The kind of card you have, and its respective rewards program, will determine how you can apply your rewards.
With some cards, you can redeem your rewards for statement credits to offset the cost of past travel expenses. Other cards offer the option to apply rewards to upcoming travel purchases such as airfare or hotel bookings. If you’re using miles to book airline tickets, for instance, you can typically redeem them during the booking process. The process is similar when applying points to a hotel booking.
Transferring points and miles
Some travel rewards cards let you transfer points or miles to the issuer’s travel partners, which may include airlines, hotels or cruise lines. If you choose the transfer option, be aware of conversion rates. The value of rewards transferred to a travel partner can fluctuate.
If it looks like you would lose value on a transfer, you’d probably be better off redeeming that batch of rewards for a statement credit.
Do travel rewards expire?
Depending on the issuer and the specific card that you have, your travel rewards do have the potential to expire, especially if you have a branded airline or hotel card. With these specific branded cards, the issuer will typically have an expiration date for your miles or points.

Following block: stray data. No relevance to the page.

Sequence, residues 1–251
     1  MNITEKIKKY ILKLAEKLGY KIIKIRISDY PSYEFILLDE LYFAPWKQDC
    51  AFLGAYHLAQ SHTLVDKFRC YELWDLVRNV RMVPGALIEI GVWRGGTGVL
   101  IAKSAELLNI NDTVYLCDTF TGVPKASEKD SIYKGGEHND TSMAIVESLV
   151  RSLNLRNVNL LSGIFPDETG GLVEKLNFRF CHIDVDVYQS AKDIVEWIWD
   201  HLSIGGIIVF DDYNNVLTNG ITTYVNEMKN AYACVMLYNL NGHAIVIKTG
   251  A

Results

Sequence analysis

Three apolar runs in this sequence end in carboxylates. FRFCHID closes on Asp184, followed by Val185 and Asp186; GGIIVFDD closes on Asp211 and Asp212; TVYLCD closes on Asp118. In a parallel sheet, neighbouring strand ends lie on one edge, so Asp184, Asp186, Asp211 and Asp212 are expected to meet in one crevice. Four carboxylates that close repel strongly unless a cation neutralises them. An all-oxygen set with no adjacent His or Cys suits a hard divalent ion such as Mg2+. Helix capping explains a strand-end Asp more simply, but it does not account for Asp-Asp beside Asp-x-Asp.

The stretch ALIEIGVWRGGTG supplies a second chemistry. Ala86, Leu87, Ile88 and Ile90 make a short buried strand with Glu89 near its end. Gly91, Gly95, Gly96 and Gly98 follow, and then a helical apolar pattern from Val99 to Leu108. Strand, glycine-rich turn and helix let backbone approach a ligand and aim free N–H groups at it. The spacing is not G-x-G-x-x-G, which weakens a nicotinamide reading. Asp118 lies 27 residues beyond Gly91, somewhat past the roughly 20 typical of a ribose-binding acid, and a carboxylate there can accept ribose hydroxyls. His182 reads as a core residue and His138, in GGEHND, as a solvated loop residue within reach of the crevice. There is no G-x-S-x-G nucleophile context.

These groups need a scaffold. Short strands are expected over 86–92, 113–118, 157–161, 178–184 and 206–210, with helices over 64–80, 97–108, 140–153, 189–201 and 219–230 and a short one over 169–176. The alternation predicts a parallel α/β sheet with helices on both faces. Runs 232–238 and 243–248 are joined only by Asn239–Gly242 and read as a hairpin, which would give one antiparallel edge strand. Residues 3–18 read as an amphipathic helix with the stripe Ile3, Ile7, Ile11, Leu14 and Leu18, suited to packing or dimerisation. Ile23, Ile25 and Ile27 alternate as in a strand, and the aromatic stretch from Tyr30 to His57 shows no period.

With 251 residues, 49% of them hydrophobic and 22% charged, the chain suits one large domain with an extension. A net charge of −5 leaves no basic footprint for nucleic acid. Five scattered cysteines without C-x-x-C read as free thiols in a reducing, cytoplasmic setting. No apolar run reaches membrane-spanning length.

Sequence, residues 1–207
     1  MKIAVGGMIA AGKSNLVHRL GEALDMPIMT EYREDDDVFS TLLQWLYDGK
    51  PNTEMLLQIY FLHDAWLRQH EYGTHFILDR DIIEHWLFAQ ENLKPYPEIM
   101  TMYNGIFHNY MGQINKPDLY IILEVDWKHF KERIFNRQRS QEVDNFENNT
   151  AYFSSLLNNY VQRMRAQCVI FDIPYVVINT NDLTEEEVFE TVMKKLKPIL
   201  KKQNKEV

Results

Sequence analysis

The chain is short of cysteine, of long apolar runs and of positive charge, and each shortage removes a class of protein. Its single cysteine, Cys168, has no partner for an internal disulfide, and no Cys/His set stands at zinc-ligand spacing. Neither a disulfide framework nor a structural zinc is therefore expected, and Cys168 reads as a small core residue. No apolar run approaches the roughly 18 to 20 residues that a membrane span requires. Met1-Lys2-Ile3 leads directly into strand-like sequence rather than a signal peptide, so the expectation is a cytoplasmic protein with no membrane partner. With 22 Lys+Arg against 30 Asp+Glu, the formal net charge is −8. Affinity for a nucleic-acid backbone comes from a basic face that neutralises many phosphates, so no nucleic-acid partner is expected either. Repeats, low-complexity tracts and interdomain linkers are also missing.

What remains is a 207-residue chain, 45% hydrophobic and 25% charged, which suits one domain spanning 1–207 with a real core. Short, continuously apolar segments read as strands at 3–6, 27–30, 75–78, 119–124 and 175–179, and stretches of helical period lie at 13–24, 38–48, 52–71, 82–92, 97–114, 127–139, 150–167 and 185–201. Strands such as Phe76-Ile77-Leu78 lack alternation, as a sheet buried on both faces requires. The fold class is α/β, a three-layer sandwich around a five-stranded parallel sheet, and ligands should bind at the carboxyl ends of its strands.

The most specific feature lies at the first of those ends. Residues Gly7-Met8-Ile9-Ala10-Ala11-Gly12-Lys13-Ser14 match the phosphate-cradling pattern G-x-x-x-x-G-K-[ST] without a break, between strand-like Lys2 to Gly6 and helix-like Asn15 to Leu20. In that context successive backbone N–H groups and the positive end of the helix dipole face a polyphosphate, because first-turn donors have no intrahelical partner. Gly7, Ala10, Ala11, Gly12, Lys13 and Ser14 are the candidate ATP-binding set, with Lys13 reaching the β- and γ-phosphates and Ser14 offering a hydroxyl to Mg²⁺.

With most rewards or travel cards, your points or miles are less likely to have an expiration date, as many issuers have no-expiration policies on rewards. However, it’s a good idea to be aware of any possible expiration dates, just so your hard-earned points and miles don’t risk going unused.
How to maximize your travel rewards
Here are a few tips to help you get the most out of your travel rewards.
Take advantage of sign-up bonuses
Many travel cards come with the incentive of welcome offers or sign-up bonuses. These bonuses usually require new cardholders to spend a certain amount within the first few months of opening the account. Although these bonuses are often generous, make sure the spending requirement is realistic for your budget and travel plans.
Be aware of all fees before applying
Credit card fees don’t directly affect the rewards you earn, but the cost does affect a card’s overall value. Take note of all the fees associated with any card you’re interested in getting. Examples include:
- Annual fees, which typically range from less than $100 to more than $500 with travel cards. If a travel card has an annual fee, you should be sure that the rewards and benefits will offset the cost.
- Some credit cards charge a foreign transaction fee for overseas purchases—typically an extra 3 percent added to the total price. Although many credit card issuers offer cards with no foreign transaction fees, frequent overseas travelers should be on the lookout.
Make sure you have the right card
Especially with travel cards, it’s important to make sure you have the right card for your preferences. For example, if you’re partial to a certain airline or hotel chain, a co-branded card can offer higher rewards rates, discounts and perks.
You should also pay close attention to a travel card’s rewards categories. Earning points or miles at restaurants won’t offer a lot of benefit to someone who rarely dines out.